For a short time—let’s say September 11, 2001 January 19, 2005, it most decidedly was not the economy. Perhaps we could extend that to August 29th, 2005, but certainly no later. From the terrorist attacks through the 2004 elections, terror and war were the issues driving people to the polls, and President Bush was seen as a strong and decisive leader who could protect America.
Have you seen his numbers lately? They are dismal. In today’s CNN poll, only 32% of Americans said they approved of the job President Bush is doing. Even he can’t ignore numbers like that. But more telling are two other numbers that come out of the polls: Americans would favor a Democratic candidate for congress over a Republican, 50% to 40%, and a whopping 69% of Americans say they have been harmed by recent price increases.
In just a few days gasoline has jumped .25 cents a gallon. While helping me out in my personal quest to replace fossil fuels with bio-mass entirely (go Brazil!!), it is also really hurting the Grand Old Party. I’m tired of saying “this is what you get for putting oil executives in charge of the Whitehouse,” or comparing it to the old adage about foxes guarding hens or wolves sheep. But that, combined with the stunning rise in housing costs, and the drop in real wages, spells doom.
Looking back on it, I think the costliest blunder the president made recently—certainly since Katrina, was what he did when he went to India. I’m not talking about gutting the Nuclear Non-Proliferation treaty. American’s couldn’t care less about global politics. They hardly ever read the papers (like our president). But when he stood in a factory in Bangladore or wherever it was and said with a straight face “Outsourcing is good for America,” he committed mass suicide for the republican party, like Jim Jones leading them toward the Coolaide.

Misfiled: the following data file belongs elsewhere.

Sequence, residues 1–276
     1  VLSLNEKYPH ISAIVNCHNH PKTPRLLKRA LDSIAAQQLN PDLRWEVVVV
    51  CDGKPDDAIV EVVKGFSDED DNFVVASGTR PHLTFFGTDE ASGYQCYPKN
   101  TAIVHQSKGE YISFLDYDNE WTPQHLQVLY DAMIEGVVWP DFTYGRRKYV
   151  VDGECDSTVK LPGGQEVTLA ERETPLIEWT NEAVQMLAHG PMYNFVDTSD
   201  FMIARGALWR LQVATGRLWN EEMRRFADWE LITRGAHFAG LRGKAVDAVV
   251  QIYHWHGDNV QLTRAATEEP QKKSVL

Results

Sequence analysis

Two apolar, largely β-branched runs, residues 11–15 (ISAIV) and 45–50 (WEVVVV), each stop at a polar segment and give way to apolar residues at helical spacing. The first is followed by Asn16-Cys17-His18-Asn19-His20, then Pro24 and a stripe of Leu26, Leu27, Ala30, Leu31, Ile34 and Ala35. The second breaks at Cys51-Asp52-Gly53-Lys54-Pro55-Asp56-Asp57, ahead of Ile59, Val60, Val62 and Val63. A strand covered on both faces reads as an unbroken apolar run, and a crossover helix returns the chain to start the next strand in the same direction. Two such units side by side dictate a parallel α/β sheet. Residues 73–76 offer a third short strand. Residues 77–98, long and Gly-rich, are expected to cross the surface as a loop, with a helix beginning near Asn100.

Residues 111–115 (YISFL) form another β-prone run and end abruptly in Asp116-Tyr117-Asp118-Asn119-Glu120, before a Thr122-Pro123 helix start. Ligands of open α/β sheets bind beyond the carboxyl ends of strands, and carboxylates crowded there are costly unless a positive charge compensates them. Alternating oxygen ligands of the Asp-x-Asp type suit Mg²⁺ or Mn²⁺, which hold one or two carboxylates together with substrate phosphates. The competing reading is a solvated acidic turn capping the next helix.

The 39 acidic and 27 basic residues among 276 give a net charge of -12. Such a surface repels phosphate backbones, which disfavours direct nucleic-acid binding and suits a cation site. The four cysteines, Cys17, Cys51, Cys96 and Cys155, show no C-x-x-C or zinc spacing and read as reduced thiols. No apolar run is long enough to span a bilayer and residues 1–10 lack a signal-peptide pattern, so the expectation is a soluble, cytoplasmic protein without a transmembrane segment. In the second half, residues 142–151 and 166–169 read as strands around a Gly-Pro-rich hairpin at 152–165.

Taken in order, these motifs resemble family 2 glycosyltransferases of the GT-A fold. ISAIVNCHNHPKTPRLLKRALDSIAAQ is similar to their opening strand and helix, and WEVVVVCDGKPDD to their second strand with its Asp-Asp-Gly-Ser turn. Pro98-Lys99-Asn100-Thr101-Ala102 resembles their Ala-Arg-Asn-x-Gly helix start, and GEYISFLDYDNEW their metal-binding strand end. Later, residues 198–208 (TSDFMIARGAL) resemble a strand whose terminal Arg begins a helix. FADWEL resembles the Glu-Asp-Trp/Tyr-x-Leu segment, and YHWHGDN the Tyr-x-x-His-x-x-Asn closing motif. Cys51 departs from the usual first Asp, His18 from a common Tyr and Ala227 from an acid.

That “wooshing” sound you just heard was the American Dream being flushed down the toilet.
Even his rather principled and unusually moderate stance on immigration reform is backfiring on him, because no matter how much it may make good economic and business sense to have a fairly open immigration policy, Lou Dobbs will always be able to whip nervous Americans up into a xenophobic frenzy over the little brown people crossing the border to steal their jobs and hubcaps.
Six years ago, when Bush II got elected, a big deal was made out of the fact that while there had been lawyers and professors and soldiers in the Whitehouse, he would be the first MBA. We were going to have the corporate presidency. And look where it’s gotten us. On the one hand the corporations have reaped all the benefits of having a business friendly president, while on the other there is obviously a reason why Bush’s oil business failed. We are not talking a Jack Welsh or Warren Buffet level of management skill.
The saying during the Clinton administration was “it’s the economy stupid,” and, except for 2004, it was and it is. I said to JP back in 1996, only half facetiously, “it’s all about the money. The best president in the world could not get reelected if gas prices and unemployment are high, while if everybody’s got a job and a great big car, a guy could be selling little girls into slavery off the Whitehouse lawn and they’d still give him a second term.”
Well, Bush got his second term, but the elephants control congress and the courts to.
And judges have tenure.
And the president has no coattails.